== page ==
1 Introduction

The software and localization industries face long-term business challenges. According to Statista,Footnote 1 global software market revenue is projected to be 466.8 billion US dollars for 2019, rising to 507.2 billion US dollars for 2021 and according to Nimdzi’s Software Localization Report,Footnote 2 the software sector has a growth rate of 8.3% and is the fastest-growing sector in the global IT industry. Consequently, there is an increase in the volume of software to localize and this software needs to run on several platforms and be delivered to the user via a rapid, agile development cycle, with daily, weekly, and quarterly updates and releases. The market size of the global language services industry is projected to reach 51.8 billion US dollars in 2021.Footnote 3 In parallel, there are continuous advances in machine translation (MT) technology (Vaswani et al. 2017), and full implementations of MT solutions in the translation workflow.Footnote 4 It is, therefore, only logical to examine how the use of translation technology in the localization of software products impacts the user experience and, hence, the commercial viability of a product.

Large software corporations have implemented MT and post-editing (PE) cycles as part of their localization processes for some time now (e.g. Microsoft, Google and Amazon). As MT technology advances, raw, unedited MT is applied to certain components of the user interface to speed-release to markets with lower translation costs (Schmidtke and Groves 2019). However, it is widely accepted that raw MT contains errors and so, where it is employed, we need to understand how linguistic quality impacts the user experience.

To answer this question, results are presented here from a usability experiment involving Japanese, German, Spanish and English native speakers using the application Microsoft Word while being recorded via an eye-tracker.

2 Related work

MT and PE have been implemented in some large organizations since the 1980s (the European Commission and the Pan American Health Organization, for example); however, it is only in the last fifteen years that large corporations have included MT in their standard localization workflows (Plitt and Masselot 2010; Schmidtke 2016). According to the 2019 Language Industry Survey by the EUATC (European Association of Translation Companies),Footnote 5 companies and individual professionals want to increase the use of MT and this technology and associated automated workflows are a clear priority for larger companies.

In reaction to early commercial implementations of MT there was an increase in translation and localization research to find out more about translator interaction with MT in PE (see seminal work from O’Brien 2006; De Almeida and O’Brien 2010; Guerberof 2012; Moorkens et al. 2015). In these studies, the benefits of using MT to increase productivity while not adversely affecting the final quality of the product were established depending on certain constraints such as, logically, the quality of the raw MT output. However, less attention has been paid to the end-user reception of products translated using MT. The reception of  MT output by translators has generally been the focus of empirical studies rather than by end users, and although translators are also a type of user, the commercial user might not necessarily be concerned with the same linguistic aspects as translators.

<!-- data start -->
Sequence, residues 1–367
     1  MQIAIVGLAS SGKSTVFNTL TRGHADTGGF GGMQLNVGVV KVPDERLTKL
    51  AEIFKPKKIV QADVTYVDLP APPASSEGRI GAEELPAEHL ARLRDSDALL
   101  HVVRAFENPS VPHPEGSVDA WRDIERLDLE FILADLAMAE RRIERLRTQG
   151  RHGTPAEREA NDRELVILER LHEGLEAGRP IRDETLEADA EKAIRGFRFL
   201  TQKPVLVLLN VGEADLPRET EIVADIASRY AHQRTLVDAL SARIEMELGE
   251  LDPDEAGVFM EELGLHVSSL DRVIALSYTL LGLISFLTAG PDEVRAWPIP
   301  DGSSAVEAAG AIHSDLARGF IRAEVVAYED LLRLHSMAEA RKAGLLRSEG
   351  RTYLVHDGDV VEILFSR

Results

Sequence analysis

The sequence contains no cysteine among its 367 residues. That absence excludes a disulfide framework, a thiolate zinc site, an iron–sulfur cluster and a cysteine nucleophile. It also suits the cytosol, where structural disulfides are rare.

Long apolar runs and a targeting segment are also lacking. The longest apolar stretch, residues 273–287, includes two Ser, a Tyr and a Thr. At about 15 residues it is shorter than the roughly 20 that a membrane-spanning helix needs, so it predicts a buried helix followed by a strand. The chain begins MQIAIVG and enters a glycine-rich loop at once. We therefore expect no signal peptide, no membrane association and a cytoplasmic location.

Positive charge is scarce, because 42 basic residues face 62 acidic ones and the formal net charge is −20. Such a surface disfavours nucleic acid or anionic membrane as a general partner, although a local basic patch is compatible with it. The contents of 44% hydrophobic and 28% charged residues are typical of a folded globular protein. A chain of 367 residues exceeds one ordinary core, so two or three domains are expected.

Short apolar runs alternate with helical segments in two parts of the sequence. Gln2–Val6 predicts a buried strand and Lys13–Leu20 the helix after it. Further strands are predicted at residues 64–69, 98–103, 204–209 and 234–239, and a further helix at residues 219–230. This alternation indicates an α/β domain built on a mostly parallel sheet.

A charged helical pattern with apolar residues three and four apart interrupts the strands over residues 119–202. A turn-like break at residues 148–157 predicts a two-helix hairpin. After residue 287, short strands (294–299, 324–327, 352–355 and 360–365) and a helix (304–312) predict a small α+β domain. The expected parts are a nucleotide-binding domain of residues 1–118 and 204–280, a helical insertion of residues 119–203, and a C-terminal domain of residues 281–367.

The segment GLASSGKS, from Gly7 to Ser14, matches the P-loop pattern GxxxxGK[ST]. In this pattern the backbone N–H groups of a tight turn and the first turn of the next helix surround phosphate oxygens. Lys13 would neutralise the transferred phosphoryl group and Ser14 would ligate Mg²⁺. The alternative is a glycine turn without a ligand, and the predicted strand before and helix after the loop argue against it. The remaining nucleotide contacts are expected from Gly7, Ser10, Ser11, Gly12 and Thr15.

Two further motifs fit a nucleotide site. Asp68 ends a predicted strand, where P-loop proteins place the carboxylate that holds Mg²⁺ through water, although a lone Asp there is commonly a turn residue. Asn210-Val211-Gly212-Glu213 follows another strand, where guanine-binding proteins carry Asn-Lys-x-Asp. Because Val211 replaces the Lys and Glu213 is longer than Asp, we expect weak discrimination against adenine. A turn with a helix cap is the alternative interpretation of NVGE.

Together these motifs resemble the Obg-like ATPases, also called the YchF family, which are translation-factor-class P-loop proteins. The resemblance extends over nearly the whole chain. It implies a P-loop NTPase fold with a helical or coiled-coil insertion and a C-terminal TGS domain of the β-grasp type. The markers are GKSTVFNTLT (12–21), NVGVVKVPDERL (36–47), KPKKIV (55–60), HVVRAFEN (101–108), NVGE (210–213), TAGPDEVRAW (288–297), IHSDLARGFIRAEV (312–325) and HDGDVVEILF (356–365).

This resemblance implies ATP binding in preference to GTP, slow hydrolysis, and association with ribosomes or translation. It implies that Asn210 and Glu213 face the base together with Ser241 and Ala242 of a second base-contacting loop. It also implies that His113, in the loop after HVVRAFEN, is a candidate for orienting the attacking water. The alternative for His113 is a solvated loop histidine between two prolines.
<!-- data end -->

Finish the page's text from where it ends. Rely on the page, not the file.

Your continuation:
Some research has tried to fill this gap by analysing the usability of MT in different contexts. Experiments have been designed to ascertain whether users understood instructions translated using MT in comparison to those using either the original or post-edited text (Doherty and O’Brien 2012, 2014; Castilho et al. 2014; O’Brien and Castilho 2016). The results show that usability increases when users read either the original text or text that has been post-edited, even with minimal changes (known as light post-editing), when compared to raw MT output. However, users could complete most tasks using the latter, even if this activity took longer or if the experience was less satisfactory. Results, however, were not equal for all languages tested.Footnote 6

Bowker (2015) studied the difference in user experience when reading text on websites with translatability rules applied (a set of guidelines applied to the source to improve MT). She found that the user experience of source-language readers is less satisfactory when these rules are applied, while that of the target-language readers (Spanish, in this case) improves. As a follow up to this research, Bowker and Buitrago Ciro (2018) replicated this experiment with more participants (Spanish, French Canadian, and Italian) and reported similar findings. When the text was post-edited, however, readers preferred the texts that had been translated without translatability rules applied to the source.

The most extensive research to date on measuring acceptability of machine-translated enterprise content by users was carried out by Castilho as part of her doctoral thesis (2016). In this work, Castilho shows that the level of quality produced through PE has a significant effect on usability for German, Chinese and Japanese users of enterprise content. She also highlights, however, that the raw MT versions were usable, and participants were still able to perform the assigned tasks with these instructions. Because of its relevant content (a Microsoft application) and design, the research described in this paper draws heavily on Castilho’s work.